Casey Boyle of Kelowna explains to a group of riders the modifications he made to his bike. Boyle's was one of many presentations and workshops to take place at the Nakusp and District Arena over the weekend.

Casey Boyle of Kelowna explains to a group of riders the modifications he made to his bike. Boyle's was one of many presentations and workshops to take place at the Nakusp and District Arena over the weekend.

Expanding horizons

Horizons Unlimited visited Nakusp over the Aug. 26 weekend for their annual traveller's meeting.

Motorcycle enthusiasts from around the world descended on Nakusp over the Aug. 26 weekend to take part in the annual Horizons Unlimited Traveller’s Meeting at the Nakusp and District Arena.

Horizons Unlimited was started by Grant and Susan Johnson in 1987 when they took a trip around the world on their motorcycle.

In 1997, while still on their trip, it was suggested the couple start a website detailing their adventures. There was plenty of material available, as they had been emailing family and friends about their journey from the start.

After going away on a trip to Antarctica, they came home to find emails from many people wanting to know where they went, and how they did things.

Almost a decade later, the pair are still travelling around the world, hosting traveller meetings in places like Spain, Montenegro, the U.K., Germany, and France.

This is the fifth year one of the meetings has taken place in Nakusp.

“We’ve been to lots of different locations, but never really found the right place, that had all the things in one place,” said Susan. “It has to be a place that’s welcoming. We have people who want to camp, we have people who want to stay in a hotel or a bed and breakfast, and we do presentations and workshops, and things. Nakusp just ticked off all the boxes for us.”

Over the weekend, riders had the chance to attend the various workshops and seminars offered at the meeting, which included bear safety, GPS, first aid, writing and publishing your travels, and vlogging.

Something new to the meeting this year were demo bikes from Honda. About 190 people in total signed up for a test drive to the Nakusp Hot Springs and back.

Going on the demo run, you feel closer to your surroundings. You’re more aware of the space around you, which in turn makes you more aware of how vulnerable motorcyclists are on the road. Unlike with a car, there is nothing between the rider and any potential dangers.

Coming to the meeting, it doesn’t matter if a person is a new rider or a seasoned one. Like the skill level, the age range of those in attendance also varied. From 18-80, everyone was welcome.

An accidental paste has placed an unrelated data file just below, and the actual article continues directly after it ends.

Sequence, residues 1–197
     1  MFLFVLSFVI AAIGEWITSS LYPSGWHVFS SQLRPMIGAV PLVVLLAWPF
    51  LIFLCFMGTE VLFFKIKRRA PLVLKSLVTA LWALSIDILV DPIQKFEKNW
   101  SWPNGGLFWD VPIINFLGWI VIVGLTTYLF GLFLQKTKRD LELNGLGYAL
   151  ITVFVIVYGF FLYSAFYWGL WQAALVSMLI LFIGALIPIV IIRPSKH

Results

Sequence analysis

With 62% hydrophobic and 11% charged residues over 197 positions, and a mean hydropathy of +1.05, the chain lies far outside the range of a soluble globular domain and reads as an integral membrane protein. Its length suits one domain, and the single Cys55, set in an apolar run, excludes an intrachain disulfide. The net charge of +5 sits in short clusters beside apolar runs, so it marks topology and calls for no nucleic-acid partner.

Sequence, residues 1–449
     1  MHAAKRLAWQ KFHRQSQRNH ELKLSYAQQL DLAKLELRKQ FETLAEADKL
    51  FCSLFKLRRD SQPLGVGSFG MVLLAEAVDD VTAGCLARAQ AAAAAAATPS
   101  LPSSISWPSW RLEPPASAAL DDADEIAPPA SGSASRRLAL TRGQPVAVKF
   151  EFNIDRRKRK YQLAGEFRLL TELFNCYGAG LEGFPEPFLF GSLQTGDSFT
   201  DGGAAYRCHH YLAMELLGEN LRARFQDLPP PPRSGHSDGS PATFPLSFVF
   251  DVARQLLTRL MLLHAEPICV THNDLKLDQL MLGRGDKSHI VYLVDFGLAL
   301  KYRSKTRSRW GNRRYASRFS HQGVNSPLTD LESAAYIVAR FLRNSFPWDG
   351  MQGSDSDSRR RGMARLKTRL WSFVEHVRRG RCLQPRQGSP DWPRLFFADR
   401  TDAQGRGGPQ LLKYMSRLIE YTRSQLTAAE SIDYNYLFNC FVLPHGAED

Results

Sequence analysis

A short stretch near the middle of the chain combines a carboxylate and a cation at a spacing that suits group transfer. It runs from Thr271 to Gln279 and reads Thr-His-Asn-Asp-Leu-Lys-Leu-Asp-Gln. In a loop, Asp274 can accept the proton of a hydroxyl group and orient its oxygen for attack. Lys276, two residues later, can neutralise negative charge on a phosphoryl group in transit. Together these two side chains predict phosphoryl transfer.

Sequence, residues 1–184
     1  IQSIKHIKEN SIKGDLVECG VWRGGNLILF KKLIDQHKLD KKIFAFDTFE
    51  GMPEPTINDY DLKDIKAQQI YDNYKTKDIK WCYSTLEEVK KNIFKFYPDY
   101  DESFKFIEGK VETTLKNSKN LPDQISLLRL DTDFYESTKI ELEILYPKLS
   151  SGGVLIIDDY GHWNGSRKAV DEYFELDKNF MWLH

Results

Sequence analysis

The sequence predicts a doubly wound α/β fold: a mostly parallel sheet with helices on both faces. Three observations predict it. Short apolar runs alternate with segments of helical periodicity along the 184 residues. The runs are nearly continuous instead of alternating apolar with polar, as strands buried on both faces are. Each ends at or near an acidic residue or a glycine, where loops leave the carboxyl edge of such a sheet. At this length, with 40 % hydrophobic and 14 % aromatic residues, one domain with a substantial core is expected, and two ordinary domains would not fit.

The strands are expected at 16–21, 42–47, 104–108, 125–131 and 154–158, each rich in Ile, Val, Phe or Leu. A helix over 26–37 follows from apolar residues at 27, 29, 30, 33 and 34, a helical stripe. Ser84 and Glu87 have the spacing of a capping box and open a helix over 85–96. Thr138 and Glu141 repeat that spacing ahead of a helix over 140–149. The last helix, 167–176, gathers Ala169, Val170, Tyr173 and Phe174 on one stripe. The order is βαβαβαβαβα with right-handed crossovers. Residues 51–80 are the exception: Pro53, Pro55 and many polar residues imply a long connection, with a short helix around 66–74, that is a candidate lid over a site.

There is one rule riders have to obey if they’re going to come to a meeting: Don’t be a jerk.

“We make it clear to people on our website that it’s not a bike rally, and it’s not a beer bash, and you’re not going to be just riding around and drinking,” said Susan. “It’s a traveller’s meeting. If what you’re looking for is a party, it’s not us.”

Indeed, the meeting was quiet. Apart from the rumble of engines as riders came and went from the arena parking lot, a person probably wouldn’t have known something like this was happening in town.

Two of the riders at this year’s meeting were Mike Brooks and Tina Wagner, from Victoria.

While Brooks has been riding motorcycles since he was nine, Wagner is just learning how to ride.

The pair came to the meeting because of their interest in travelling by motorcycle, and potentially plan on doing large trips in the future.

One thing the pair enjoyed was hearing about the experiences of different riders, and gleaning information from their presentations.

“One guy that presented, he only got his license to ride a day before the event last year,” said Wagner. “He presented this year about where he’d gone in that year. To me, that’s encouraging, because if I’m taking the course, look where I can potentially be.”

Another thing the pair appreciated was the fact that the meeting took place in a small town, something the Johnsons think is important.

“We like to be able to put the money back into the local community,” said Grant. “People need gas, they need food, camping, and all the rest of it, and that’s good for Nakusp, and that works well for us.”

After every meeting, the Johnsons ask for feedback about the event from riders. They have never heard anything bad about Nakusp.

“I think this is our best venue worldwide,” Grant concluded. “The community has been amazingly welcoming.”


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